My work lies at the intersection of surveillance, Data, digital presence and care. Over the next year, I will create digital and material artworks that explore how we exist digitally—as both Data and as a human presence on the internet. This includes material objects, such as crocheted fabrications, and digital work made for the web. In addition to making art and research, I will be in conversation and curating from artists in the field. A recent development is that new media artist Roopa Vasudevan has agreed to share work from her project dataDouble as part of my upcoming MFA in Progress show.
This summer I figured out how to crochet a scannable QR code. My first two prototypes failed. Making them felt like writing in a language I don’t understand. I made them both using worsted weight acrylic yarn and changed colors using tapestry crochet. The technique made something that looked like a QR code but did not have the necessary level of definition. My third attempt, however, led to success because I switched to a finer weight of yarn and used intarsia to change colors. The third QR code directs to the blog I kept for class last semester.
Prototype 1 Prototype 3
Because the QR code goes to a space that I control, I will likely use it again and again in different contexts, modifying my website as I go. This QR code one is much sturdier, made from fine black cotton and glow-in-the-dark polyester yarn. A few test scans with my iPhone prove that it is scannable, and it will make its first appearance in my MFA in Progress exhibit, on view November 6–13, 2021. At a minimum, my website will have an online guestbook for exhibition goers to sign, an artist statement, and my contact information.
Code for katymolinaro.com Work in progress
In addition to the crocheted QR code, I will offer some preliminary explorations of human digital existence for my MFA in Progress show, which has two sides in my conception: human presence on the internet and Data bodies.
We Can’t Go On Meeting Like This.
Digital collage print (2021)
First, our appearance of being present somewhere by way of the internet, for example on a Zoom call, could be termed digital presence. This presence is special because it is not subject to the same laws of space, time, and causality that affects our material body. When we’re having a meeting on Zoom, for example, we appear in as many different places as there are participants. Though we don’t feel it, in this liminal space we are present in multiple time zones at once.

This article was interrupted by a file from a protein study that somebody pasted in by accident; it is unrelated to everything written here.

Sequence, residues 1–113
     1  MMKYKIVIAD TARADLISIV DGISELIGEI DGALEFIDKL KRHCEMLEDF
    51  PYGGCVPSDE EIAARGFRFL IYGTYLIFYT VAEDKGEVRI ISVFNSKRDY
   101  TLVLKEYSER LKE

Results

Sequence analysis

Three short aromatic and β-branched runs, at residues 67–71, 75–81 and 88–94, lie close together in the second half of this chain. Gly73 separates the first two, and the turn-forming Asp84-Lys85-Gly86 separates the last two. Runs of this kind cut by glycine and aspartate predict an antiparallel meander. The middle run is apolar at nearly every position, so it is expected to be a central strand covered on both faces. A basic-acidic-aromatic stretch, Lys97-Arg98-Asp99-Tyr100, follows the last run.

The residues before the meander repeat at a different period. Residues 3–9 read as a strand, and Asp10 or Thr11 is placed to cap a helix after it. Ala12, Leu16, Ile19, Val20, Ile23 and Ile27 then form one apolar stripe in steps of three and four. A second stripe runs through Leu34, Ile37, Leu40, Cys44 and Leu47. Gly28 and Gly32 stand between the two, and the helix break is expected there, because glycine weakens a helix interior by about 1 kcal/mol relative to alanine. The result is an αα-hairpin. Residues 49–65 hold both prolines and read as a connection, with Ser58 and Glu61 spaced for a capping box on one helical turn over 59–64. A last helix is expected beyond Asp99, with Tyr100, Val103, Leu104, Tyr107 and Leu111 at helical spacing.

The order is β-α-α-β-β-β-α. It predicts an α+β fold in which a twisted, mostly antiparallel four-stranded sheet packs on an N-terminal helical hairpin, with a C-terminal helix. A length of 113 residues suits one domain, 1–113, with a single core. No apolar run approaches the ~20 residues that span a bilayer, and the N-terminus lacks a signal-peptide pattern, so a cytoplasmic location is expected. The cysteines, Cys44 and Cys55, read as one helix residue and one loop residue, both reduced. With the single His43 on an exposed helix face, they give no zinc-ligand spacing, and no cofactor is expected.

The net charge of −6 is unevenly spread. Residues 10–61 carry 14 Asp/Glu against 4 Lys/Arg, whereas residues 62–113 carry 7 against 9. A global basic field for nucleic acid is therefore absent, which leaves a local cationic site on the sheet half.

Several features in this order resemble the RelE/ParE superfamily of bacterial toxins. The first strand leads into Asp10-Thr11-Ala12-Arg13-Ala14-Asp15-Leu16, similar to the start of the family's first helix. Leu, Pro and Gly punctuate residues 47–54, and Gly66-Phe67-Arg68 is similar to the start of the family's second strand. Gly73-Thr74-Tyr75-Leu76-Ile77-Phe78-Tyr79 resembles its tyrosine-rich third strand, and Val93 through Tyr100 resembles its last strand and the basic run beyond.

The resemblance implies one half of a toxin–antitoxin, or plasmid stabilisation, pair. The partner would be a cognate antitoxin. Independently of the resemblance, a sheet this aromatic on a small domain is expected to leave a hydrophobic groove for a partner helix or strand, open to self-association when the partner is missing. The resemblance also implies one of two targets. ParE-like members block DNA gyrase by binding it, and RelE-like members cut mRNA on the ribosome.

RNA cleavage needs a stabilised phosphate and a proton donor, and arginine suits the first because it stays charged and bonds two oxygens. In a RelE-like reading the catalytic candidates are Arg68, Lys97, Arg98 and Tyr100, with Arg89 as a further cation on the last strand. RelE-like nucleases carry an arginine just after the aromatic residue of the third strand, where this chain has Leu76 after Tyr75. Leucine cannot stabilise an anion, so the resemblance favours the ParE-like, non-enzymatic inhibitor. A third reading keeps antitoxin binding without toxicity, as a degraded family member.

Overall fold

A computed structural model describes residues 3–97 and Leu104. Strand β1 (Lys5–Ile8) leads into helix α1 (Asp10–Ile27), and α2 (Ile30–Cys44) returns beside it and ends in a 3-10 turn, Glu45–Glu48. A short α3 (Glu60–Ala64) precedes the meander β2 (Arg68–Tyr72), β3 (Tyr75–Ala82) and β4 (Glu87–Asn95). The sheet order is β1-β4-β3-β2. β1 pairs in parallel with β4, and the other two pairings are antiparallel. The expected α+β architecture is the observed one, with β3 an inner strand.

Thanks to social media, which could be viewed as an archive in flux, we also have agency after we die. Have you ever come across the activity of someone who has passed away on Facebook? How did it make you feel? Although it is not uncommon to come across the belongings of someone who is no longer living, a platform like Facebook broadcasts the digital ‘belongings’ of others (posts, comments, photos, reactions) to their respective public networks. Many have remarked on the way social media ‘flattens’ identity and levels relationships into a common field. I believe this is partly due to the fact that, in the digital realm, content can be created, saved, infinitely duplicated, transferred across the globe in seconds, and, under some conditions, be instantly deleted, though this last point is contested. It is common knowledge that anything created online never really goes away due to the wealth of surveillance practices used to mine our activities and behavior for Data.
Preliminary sketch for crocheted wall hanging
This brings me to the second facet of how we exist online. We have a Data body that is made up of smaller pieces, but instead of cells and organs, it is composed of data and metadata and it is scattered across the many servers that make up the internet. I plan on exploring the form, function, and agency of the Data body by first attempting to illustrate ways to conceptualize it.
Together these two sides of our digital being, namely the Data body and human digital presence, form the subject of my thesis work at Moore. Being in the Socially Engaged Art program has given me the chance to learn new skills I am eager to acquire, such as web design and programming languages, and has helped me find ways to build upon my current artistic practice, embedding them in a way that is both exciting and relevant.